Any incentive scheme is likely associated with positives and negatives; careful consideration of several factors is necessary. Baseline characteristics of physicians and structure of practice are influential as habits and established practice patterns are harder to modify [53]. The perception of the target group on the attainability of the quality index matters; physicians may be more open to measures based on the structure/process of care delivery (e.g., appropriate timely referrals) compared to outcome measures (e.g., number of seizure-free patients) [54]. The decision to impose penalties or incentives is paramount; while it is conceivable that the former is more likely to be influential, the repercussions must also be considered.

4.5. Penalty-Based Schemes

The imposition of penalty-based reforms in Germany (1993) [55] and British Columbia (early 1990s) [56] targeting the rising expenditures on medications resulted in a swift change in practice and reduction of costs. However, dissatisfaction was an issue in both cases. Imposition of funding penalties to the restricted setting of physicians/clinics caring for epilepsy patients based on well-defined referral criteria may increase referral rates with minimal adverse effects on other interventions. Considering the myriad of evidence in favor of the effectiveness (from health and economics perspective) and the established quality-based standards, this approach may be justified. However, this represents a rather antagonistic approach that decreases overall satisfaction and hampers the collaborative approach to patient care. Furthermore, physicians may choose against enrolling epilepsy patients based on concerns of being penalized for inappropriate care.

4.6. Pay-for-Performance (PFP)

Incentives for performance promote a more positive approach and ideally improve quality care [57]. However, success has been limited. In Ontario (2002), a PFP strategy was initiated to optimize several preventative care services. Incentives (as high as 10% of the physicians’ gross annual income) pertained to both the initiations of contact with eligible patients and of achieving cumulative preventative care targets [58]. Only modest increases were noted, likely attributable to the inability to affect patient demand, the amount of the incentive being too small, and the range of services affected by these incentives being too broad and confusing [58]. The UK NHS implemented a similar strategy though incentives were higher and yet improvement in quality of care was not observed for all intended programs; some areas not covered by the incentives declined further [59]. Elements from these and other failed initiatives provide useful insight [60, 61]. It is clear that the type of bonus matters and the amount must make the endeavour worthwhile [62, 63]. The guidelines should be simple to understand and implement [63]. The potential for “cream skimming” is a concern [60]. Furthermore, strategies are necessary to ensure care in other areas is not compromised [63]. The selection of appropriate performance targets and their appropriate measurement would be a challenge.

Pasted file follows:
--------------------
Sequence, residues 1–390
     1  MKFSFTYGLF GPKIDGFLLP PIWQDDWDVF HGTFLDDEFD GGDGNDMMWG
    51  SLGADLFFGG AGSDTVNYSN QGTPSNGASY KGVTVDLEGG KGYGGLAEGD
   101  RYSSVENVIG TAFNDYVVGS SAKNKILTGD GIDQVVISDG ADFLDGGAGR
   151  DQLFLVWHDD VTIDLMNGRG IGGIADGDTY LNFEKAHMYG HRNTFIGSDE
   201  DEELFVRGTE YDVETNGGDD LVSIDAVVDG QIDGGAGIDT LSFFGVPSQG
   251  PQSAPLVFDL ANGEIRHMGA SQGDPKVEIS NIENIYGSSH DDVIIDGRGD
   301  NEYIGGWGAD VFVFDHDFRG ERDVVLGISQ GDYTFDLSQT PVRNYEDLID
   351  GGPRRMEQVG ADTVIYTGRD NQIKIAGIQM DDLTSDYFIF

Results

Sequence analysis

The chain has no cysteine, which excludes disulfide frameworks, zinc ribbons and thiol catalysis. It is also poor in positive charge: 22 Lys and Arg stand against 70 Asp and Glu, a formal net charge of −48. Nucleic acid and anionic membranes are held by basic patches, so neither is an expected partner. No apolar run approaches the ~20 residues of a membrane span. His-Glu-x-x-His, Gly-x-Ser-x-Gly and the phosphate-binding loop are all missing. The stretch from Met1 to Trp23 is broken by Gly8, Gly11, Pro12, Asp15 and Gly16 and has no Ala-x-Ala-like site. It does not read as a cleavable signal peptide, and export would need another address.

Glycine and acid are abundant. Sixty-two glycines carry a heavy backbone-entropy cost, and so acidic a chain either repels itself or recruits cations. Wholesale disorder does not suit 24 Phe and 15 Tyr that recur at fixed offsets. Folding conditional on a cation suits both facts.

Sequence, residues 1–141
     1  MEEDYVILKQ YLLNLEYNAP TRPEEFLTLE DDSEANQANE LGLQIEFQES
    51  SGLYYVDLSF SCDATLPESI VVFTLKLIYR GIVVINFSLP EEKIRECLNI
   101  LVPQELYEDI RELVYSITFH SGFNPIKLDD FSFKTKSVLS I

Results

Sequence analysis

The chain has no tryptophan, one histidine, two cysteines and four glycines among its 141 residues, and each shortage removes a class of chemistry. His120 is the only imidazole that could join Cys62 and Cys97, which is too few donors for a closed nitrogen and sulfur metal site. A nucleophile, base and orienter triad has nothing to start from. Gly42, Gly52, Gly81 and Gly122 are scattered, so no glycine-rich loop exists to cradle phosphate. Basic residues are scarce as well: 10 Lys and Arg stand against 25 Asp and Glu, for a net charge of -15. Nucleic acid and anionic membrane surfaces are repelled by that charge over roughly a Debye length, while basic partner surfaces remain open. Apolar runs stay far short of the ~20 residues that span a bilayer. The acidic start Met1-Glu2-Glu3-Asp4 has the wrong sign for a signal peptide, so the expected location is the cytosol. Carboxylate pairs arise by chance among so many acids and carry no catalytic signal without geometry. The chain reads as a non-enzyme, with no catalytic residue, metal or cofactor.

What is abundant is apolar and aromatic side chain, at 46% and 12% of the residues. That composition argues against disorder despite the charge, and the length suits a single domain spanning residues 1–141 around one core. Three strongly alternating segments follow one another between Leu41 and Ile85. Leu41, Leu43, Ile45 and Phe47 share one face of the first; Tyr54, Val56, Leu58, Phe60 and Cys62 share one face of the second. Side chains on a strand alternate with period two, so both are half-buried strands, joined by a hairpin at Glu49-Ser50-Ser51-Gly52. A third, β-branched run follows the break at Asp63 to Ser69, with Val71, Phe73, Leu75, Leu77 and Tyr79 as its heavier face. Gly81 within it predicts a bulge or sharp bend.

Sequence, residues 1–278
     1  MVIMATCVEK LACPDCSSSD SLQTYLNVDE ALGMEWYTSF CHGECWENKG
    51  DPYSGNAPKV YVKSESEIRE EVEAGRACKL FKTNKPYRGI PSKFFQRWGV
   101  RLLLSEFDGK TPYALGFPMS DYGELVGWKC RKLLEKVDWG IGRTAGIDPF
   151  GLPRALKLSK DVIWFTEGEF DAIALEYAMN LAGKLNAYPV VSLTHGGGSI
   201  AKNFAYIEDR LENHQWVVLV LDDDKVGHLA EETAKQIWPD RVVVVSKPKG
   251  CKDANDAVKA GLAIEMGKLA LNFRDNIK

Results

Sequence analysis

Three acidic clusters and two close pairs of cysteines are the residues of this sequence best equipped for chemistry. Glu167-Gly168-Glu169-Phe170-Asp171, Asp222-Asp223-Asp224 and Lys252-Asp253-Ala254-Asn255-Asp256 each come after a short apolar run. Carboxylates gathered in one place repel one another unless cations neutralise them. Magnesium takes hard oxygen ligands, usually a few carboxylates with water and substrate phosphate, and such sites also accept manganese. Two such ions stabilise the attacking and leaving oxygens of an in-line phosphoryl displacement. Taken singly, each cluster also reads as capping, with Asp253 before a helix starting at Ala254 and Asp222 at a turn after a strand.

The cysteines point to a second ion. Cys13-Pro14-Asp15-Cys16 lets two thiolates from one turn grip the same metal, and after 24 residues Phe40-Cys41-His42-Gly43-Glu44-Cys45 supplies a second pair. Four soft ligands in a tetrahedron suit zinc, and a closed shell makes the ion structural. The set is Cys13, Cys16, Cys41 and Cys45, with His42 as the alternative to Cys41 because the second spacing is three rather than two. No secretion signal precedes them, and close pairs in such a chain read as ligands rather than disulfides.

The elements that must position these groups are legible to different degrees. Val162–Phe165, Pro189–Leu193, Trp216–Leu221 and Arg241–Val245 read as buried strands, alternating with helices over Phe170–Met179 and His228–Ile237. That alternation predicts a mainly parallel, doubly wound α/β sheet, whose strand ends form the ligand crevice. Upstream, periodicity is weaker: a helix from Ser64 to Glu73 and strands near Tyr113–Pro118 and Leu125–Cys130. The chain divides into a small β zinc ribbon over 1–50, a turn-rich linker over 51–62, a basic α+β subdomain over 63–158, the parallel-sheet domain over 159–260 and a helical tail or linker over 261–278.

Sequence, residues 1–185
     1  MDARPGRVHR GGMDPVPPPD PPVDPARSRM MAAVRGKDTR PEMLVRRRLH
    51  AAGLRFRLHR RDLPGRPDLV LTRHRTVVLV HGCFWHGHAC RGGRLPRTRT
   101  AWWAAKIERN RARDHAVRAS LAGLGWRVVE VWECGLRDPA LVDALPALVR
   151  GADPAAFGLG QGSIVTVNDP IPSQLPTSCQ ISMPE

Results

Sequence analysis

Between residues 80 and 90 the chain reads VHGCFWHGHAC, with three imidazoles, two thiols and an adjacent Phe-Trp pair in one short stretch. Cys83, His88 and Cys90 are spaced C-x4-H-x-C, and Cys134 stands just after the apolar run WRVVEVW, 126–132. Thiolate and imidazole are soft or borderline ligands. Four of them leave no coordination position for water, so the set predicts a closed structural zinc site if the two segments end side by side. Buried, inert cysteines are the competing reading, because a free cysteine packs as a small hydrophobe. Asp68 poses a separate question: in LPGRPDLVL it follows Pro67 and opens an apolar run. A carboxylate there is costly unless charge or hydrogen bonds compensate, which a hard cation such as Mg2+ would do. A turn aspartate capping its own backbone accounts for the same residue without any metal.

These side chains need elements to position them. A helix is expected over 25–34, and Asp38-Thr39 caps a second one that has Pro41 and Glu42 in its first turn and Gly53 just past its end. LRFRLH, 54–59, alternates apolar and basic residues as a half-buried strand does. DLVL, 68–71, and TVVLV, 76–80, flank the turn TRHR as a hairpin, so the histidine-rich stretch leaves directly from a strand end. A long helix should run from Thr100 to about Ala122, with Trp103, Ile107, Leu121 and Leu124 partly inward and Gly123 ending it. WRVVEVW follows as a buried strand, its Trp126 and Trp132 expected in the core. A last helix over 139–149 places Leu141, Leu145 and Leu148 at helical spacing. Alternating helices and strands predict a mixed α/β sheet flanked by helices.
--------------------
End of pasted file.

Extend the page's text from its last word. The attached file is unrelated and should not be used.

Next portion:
In Ontario, a provincial strategy for improving epilepsy care was proposed in 2011 to expand on infrastructure and to promote regionalization of care [64]. District epilepsy centers serve as nodes of contact between community physicians and regional epilepsy centers of excellence (ECEs). These districts provide initial diagnostic evaluation, connect patients with advocacy groups, provide recommendations, and coordinate with ECEs regarding further assessment and care. Such a network provides the ideal setting for the implementation of a comprehensive yet simple PFP strategy. A similar framework (e.g., accountable care organizations) can be implemented in other healthcare funding models as well [65]. The possibility for establishing and strengthening existing collaborations with patient advocacy groups within the network to increase patient awareness regarding available resources is one key benefit. Further, districts provide the ideal hub for the dissemination of evidence, guidelines, and expectations to community physicians. Reimbursing community physicians and ECE epileptologists/neurosurgeons set amounts for the collective management of the region’s epilepsy patients recognizes all stakeholders, increasing buy-in and thus collaboration. Incentives directed at community physicians (for accepting new patients and referring MRE patients according to guidelines) and ECE physicians (for timely assessment and provision of care) can improve patient flow. To avoid “cream skimming” for patients who are good surgical candidates, a capitation approach, funding based on number and variety of epilepsy patients enrolled, would be necessary. To ensure continuity, guidelines for discharging seizure-free patients should be provided. Although the ideal size of the bonus would be challenging to determine, it must outweigh the opportunity cost for physicians. Frequent evaluation of the results and long-term financial implications of this policy change are necessary as well.

4.7. Future Directions

There is a need for updated health economic evaluations incorporating modern day costs. Ideally these would be conducted through RCTs and would be multinational to increase generalizability, particularly given the large variations in global costs of AEDs and surgery [20, 25, 31]. Although indirect costs are controversial and difficult to quantify, a systematic approach toward assessing them in epilepsy patients would be worthwhile. Furthermore, all of the studies reviewed pertained to established epilepsy centers; none considered the capital costs of establishing epilepsy centers/expanding the existing infrastructure. This is relevant considering the potential need for expansion of ECEs in anticipation of the potentially increased streamlining of referrals.

4.8. Conclusions

The expanding body of evidence and the uniform conclusions of the analyses reviewed suggest that, for MRE patients, surgery is likely to be in fact cost-saving over the long term [18, 23]. Despite published guidelines, referral rates of MRE patients for surgical evaluation continue to be low on a global level. Therefore, funding reforms may need to be considered to stimulate change. Ultimately reforms in funding alone are not sufficient but until large-scale shifts in the medical culture are implemented, this may be a worthwhile alternative [66].

Conflict of Interests

None of the authors has any conflict of interests to disclose.